I rarely drink green Taiwan oolong. I get dizzy often enough from drinking this stuff that I tend to avoid them. I don’t know why that’s the case, or why I am more sensitive to this stuff than young puerh, which should be equally hard on the body. But sometimes there’s just no explanation for this sort of thing. I used to drink a fair amount of this stuff, as well as green tieguanyin, but nowadays I almost never drink either. Part of it is because I got bored of them, but part of it is because my body doesn’t like them very much anymore.
The tea today is from Aaron Fisher, who gave me some of this when I left
I can’t really remember what part of Taiwan this is from. I think he got it in Lugu in Nantou, but I can very well be wrong.
The tea brews a typically neon yellow/green liquor
It is actually one of the better light oolongs I’ve had recently. It’s floral, but not too much to the point where I feel it’s artificial. There’s obvious qi. The tea has a nice aftertaste — at one point I felt like it was sort of apricot like. It goes for many infusions. I rarely like light Taiwan oolongs. This one isn’t bad. I told Aaron as much when we drank this at his place, and he generously gave me some to take home.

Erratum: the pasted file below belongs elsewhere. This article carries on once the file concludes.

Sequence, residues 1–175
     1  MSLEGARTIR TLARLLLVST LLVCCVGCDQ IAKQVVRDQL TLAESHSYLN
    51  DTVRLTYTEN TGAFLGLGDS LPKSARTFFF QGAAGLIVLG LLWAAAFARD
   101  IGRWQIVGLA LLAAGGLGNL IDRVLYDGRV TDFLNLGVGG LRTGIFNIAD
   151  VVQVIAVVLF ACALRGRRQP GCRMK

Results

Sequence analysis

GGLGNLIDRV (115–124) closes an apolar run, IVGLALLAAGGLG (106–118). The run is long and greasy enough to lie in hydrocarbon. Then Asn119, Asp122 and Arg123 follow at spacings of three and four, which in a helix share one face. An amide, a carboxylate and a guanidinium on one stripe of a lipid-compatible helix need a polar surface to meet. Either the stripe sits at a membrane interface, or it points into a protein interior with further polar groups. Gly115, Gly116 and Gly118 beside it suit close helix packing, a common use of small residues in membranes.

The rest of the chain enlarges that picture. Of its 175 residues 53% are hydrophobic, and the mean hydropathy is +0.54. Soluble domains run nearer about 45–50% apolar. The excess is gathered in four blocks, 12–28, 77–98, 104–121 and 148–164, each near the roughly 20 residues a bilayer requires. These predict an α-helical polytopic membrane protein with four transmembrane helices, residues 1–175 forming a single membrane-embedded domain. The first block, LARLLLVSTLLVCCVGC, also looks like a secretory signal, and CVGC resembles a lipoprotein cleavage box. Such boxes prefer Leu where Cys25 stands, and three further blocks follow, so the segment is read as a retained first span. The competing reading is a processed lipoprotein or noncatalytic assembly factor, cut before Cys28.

That said… I only need to drink this sort of thing a few times a year to get my fill. After a while, the grassiness (of which there’s still plenty) and the sort of one-dimensional quality to this sort of thing bores me. I know many enjoy the high floral qualities of such teas and find many nuances in them that are perfectly enjoyable. I think my tastes have changed and really no longer find these things attractive. Perhaps I drank too much of it during college and am now recovering.
The leaves are quite beautiful
Althogh — only the left one is this tea. The right hand side bud-leaf system is yesterday’s puerh. You can see how the oolong is no smaller in size than the puerh leaf. The puerh leaves eventually grow to a larger size, of course….
By the way…. I hope all of you in SoCal are ok. The fires look really bad.